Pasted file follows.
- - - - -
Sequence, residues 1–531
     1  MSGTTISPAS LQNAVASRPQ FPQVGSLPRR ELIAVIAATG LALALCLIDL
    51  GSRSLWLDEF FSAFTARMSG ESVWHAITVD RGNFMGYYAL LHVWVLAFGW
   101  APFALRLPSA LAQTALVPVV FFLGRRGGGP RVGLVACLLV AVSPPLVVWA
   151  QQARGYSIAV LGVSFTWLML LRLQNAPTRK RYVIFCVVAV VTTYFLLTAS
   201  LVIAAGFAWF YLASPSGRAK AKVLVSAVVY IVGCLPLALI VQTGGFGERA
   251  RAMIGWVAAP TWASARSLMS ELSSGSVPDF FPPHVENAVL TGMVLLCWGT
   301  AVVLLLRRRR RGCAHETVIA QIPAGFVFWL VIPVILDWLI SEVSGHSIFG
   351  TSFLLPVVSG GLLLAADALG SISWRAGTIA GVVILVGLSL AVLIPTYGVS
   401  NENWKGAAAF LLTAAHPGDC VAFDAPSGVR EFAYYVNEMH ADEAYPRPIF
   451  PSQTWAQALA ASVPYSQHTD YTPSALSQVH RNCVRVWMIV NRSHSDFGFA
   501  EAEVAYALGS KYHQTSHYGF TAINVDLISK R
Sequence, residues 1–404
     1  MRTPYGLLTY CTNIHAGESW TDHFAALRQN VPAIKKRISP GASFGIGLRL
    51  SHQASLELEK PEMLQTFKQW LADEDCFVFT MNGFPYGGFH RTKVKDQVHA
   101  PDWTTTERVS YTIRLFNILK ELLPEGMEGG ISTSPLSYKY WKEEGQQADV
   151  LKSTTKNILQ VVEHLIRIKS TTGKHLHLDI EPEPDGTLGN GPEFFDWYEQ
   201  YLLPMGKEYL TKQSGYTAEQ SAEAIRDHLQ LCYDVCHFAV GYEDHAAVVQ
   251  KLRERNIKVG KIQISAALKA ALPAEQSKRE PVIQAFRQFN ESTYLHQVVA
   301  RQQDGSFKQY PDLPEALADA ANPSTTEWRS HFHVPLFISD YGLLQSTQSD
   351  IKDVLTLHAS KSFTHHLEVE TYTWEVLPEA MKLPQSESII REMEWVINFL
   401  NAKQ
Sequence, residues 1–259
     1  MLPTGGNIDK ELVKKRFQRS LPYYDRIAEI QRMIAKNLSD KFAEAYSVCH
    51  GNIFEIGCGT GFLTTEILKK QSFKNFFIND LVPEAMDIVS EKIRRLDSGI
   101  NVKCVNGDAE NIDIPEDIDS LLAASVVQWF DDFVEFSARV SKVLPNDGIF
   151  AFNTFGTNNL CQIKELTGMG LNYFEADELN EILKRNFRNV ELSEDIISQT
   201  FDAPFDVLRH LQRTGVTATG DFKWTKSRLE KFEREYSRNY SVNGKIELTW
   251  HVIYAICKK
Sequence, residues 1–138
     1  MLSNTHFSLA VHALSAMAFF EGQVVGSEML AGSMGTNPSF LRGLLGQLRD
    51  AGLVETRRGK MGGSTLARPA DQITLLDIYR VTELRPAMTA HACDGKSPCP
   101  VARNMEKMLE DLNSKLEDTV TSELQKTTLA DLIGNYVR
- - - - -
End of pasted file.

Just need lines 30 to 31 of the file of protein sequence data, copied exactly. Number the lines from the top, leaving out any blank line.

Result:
Sequence, residues 1–138
     1  MLSNTHFSLA VHALSAMAFF EGQVVGSEML AGSMGTNPSF LRGLLGQLRD